• In various embodiments, any of the diagnostic (e.g., identifying or selecting) methods can also include administering a therapeutic dose of the second binding agent to the patient. The first and/or second binding agent can be an antibody or antigen binding portion or derivative thereof. The antibody or antigen binding portion or derivative thereof can be capable of binding the extracellular domain of PSMA.
  • In some embodiments, the detectable label includes an isotope selected from the group consisting of 177Lu, 111Indium, 67Cu, 18F, 99mTc, 124I, 125I and 131I. The detectable label can be a Positron Emission Tomography (PET) agent including but not limited to 124I, 89Zr, etc. In certain embodiments, the first and/or second antibody or antigen binding portion or derivative thereof is radiolabeled. The radiolabel can be at least one of 177Lu, 111Indium, 67Cu, 18F, 99mTc, 124I, 125I, 131I, and 99mTc. In other embodiments, the first binding agent can be labeled with a dye or any other detectable agent known by those in the art.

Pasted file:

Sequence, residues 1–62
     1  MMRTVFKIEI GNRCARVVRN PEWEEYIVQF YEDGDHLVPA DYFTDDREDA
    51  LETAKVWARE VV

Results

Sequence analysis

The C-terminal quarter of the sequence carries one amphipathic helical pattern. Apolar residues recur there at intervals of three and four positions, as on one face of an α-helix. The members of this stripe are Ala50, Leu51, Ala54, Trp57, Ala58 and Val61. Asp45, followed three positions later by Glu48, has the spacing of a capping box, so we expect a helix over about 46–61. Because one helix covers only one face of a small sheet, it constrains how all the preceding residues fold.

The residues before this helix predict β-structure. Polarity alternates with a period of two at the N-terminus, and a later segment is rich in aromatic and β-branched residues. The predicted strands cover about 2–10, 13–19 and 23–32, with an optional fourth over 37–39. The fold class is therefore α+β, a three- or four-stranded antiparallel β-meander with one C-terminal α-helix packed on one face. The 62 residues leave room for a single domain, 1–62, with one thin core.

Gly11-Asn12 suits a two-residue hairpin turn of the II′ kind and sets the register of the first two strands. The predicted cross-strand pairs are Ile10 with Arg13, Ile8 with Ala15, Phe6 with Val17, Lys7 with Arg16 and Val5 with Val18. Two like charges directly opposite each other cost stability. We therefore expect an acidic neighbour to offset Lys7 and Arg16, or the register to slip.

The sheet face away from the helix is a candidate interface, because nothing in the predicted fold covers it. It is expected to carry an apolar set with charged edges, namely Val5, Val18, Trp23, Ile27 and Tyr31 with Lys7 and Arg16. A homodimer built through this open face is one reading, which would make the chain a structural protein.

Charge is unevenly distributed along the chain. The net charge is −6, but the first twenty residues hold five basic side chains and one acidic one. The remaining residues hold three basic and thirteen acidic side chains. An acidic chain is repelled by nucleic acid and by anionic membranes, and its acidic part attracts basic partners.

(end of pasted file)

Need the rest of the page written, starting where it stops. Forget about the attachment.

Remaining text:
• In various embodiments, the antibody or antigen binding portion or derivative thereof is a monoclonal antibody or antigen binding portion or derivative thereof produced by a hybridoma selected from the group consisting of a hybridoma deposited under ATCC deposit accession number HB-12101, a hybridoma deposited under ATCC deposit accession number HB-12109, a hybridoma deposited under ATCC deposit accession number HB-12127, and a hybridoma deposited under ATCC deposit accession number HB-12126. The first and/or second binding agent has an affinity of at least about 10−9M for the target (e.g., cell surface target). The first binding agent and the second binding agent can be substantially the same.